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Friday, Nov. 14, 2008

LISTENING POST

CD REVIEW

Asian Kung-Fu Generation "Surf Bungaku Kamakura"


By ALEX HOBAN

To Japanese music fans, Yokohama indie-punk four-piece Asian Kung-Fu Generation need little in the way of an introduction, with their colorful sixth album, "Surf Bungaku Kamakura," being released onto an existing backdrop of widespread commercial success and critical favor. With previous albums flying straight to No. 1 and huge singles being used to soundtrack popular anime series, Ajikan — as they're known by their fans — are very much J-rock's golden boys.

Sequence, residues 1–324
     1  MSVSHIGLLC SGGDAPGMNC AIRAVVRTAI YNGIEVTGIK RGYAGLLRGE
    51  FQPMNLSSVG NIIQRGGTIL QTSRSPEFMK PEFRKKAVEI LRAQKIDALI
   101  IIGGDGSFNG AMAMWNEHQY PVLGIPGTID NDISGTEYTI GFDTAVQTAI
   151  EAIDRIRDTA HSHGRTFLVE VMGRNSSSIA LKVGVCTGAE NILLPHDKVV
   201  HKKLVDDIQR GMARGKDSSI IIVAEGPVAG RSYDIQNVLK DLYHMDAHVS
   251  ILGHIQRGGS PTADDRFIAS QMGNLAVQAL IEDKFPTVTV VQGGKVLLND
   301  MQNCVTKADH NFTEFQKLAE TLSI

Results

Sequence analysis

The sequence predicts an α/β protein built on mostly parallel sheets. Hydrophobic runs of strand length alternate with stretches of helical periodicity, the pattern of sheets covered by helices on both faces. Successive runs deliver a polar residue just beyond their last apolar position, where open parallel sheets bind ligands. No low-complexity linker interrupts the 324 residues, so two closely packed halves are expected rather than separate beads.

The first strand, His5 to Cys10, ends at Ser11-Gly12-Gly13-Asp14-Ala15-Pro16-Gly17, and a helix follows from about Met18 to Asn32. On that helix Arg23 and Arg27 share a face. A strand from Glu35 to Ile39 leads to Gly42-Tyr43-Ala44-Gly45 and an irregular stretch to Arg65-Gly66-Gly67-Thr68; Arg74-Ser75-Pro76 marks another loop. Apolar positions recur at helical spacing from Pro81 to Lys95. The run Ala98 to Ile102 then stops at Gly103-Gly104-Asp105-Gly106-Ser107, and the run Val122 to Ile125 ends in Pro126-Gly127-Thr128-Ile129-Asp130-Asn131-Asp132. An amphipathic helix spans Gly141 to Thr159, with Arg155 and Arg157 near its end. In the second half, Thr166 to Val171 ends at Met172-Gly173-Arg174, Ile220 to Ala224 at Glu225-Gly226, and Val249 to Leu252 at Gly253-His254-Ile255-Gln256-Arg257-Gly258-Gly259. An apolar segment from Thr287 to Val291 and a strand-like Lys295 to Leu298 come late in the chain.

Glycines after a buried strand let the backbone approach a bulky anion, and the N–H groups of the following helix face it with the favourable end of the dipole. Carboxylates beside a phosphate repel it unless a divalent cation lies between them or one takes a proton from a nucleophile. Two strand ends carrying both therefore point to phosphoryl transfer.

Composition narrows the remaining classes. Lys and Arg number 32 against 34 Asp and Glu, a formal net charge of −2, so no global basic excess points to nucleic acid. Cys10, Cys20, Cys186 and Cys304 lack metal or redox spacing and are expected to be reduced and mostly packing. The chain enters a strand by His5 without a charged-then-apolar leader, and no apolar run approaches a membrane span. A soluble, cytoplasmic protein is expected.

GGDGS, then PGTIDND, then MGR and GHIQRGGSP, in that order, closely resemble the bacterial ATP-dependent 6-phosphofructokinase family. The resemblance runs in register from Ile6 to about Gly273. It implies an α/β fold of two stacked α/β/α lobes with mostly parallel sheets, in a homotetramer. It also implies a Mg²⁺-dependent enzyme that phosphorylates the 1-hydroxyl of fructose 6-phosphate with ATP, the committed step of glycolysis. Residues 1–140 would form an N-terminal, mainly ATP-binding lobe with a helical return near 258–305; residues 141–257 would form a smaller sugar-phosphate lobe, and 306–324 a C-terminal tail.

Outside Japan they remain a cult concern — a shame, as their recent tour with indie monoliths Weezer revealed not only how much they owe to the American band in terms of musical cues and inspiration, but how competitively competent and musically thrilling they were alongside them in the live arena. "Surf Bungaku Kamakura" is another testament to them having outgrown their predecessors; while Weezer foundered with their recent eponymous album, here Ajikan soar in a frenzy of chopping, hook-laden songs. "Hase Sanz" is carried by its wavelike chorus and pace-hopping indie agitations. The sway of "Koshigoe Crybaby" is as intoxicating as the fluctuating emotions that guide many of Ajikan's hormonal teenage fans, while "Inamuragasaki Jane" powers forth with relentless, mosh-pit stoking bounce. Through it all, one thing is clear: This J-rock juggernaut shows no sign of slowing.


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